Starring: Laurence Fishburne, Allen Payne, Courtney B. Vance and Andre Braugher
Rated: PG-13 Drama, History, War
Based upon history, The Tuskegee Airmen opens with Hannibal “Iowa” Lee (Laurence Fishburne) on a train, traveling to Tuskegee, Alabama. Set during World War II, Lee is en route to flight training school at Moton Field. He, along with other African-American men, including Walter Peoples III (Allen Payne), Lewis Johns (Mekhi Phifer) and Billy “Train” Roberts (Cuba Gooding, Jr.), are taking part in what is known as “The Tuskegee Experience”, which is to train Blacks to become pilots in the U.S. Army Air Corps.
Upon their arrival, they are met by two White officers, Colonel Noel Rogers (Daniel Hugh Kelly) and Major Sherman Joy (Christopher McDonald), and a Black officer, Second Lieutenant Glenn (Courtney B. Vance). Rogers, who commands the base, is optimistic about African-Americans being trained to become aviators. Joy, who supervises the training, is racist and uses every opportunity to dismantle any accomplishment of the African-American cadets, including having them re-take assessments because he believed they cheated. Joy was incensed to learn that none of the cadets earned less than 95% on the re-test that he administered.
As the hazing by many White military personnel continues, the Black cadets have to also contend with their own aspirations, missing loved ones, fears of failing and, even worse, possible death in training and in combat, when called to serve. Will these men be able to overcome racial discrimination and accomplish their dreams to become the first African-American pilots? If so, history will surely be made by the Tuskegee Airmen!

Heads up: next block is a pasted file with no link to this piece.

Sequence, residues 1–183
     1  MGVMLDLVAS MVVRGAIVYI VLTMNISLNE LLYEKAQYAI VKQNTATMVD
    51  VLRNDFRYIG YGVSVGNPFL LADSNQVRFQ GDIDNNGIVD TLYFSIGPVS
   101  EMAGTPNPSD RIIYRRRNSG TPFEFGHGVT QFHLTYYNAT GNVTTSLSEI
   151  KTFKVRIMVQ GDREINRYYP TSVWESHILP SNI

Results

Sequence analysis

The story behind The Tuskegee Airmen was written by and based upon the life of Captain Robert W. Williams of Ottumwa, Iowa. Williams was a wartime pilot in the U.S. Army Air Corps’ “332nd Fighter Group”, a combat unit that was trained at Moton Field in Tuskegee. The story was eventually produced, with Williams as co-executive producer, and presented on cable television in 1995 by HBO Pictures. The Tuskegee Airmen was later released as a limited feature in selected theaters. Because the film did so well, video and DVD versions were created and made available for purchase by HBO in 2001.
With the exception of Benjamin O. Davis (Andre Braugher) and First Lady Eleanor Roosevelt (Rosemary Murphy), none of the characters featured in the films are real; the characters are composites. Some criticisms of the movie were its slow-moving, at times, plot and dialogue that had been overused in war films. However, The Tuskegee Airmen has been well-received. A majority of the praise that the film earned is due to the use of realistic aerial footage; its authentic portrayal of the racial discrimination that the officers suffered; and the stellar acting of the cast.
The overall praise led to the film and several of its actors, notably, Laurence Fishburne, Andre Braugher and Cuba Gooding, Jr. being nominated and winning awards. The Tuskegee Airmen won the 1996 Peabody Award and the 1996 NAACP Image Awards for “Outstanding Television Movie, Mini-Series or Dramatic Special”. It also won three Emmy Awards for “Outstanding Sound Editing for a Miniseries or a Special”; “Outstanding Editing for a Miniseries or a Special – Single Camera Production” and “Outstanding Casting for a Miniseries or a Special”.
Laurence Fishburne won the 1996 NAACP Image Award for “Outstanding Actor in a Television Movie, Mini-Series or Dramatic Special”. Andre Braugher and Cuba Gooding, Jr. were nominated for “Supporting Actor in a Television Movie, Mini-Series or Dramatic Special”. For their roles in The Tuskegee Airmen, Fishburne was also nominated for an Emmy Award for “Outstanding Lead Actor in a Miniseries or a Special” and Andre Braugher was nominated for “Outstanding Supporting Actor in a Miniseries or a Special”. Fishburne was also nominated for the 1996 Golden Globe Award for “Best Television Actor – Miniseries or Movie category”.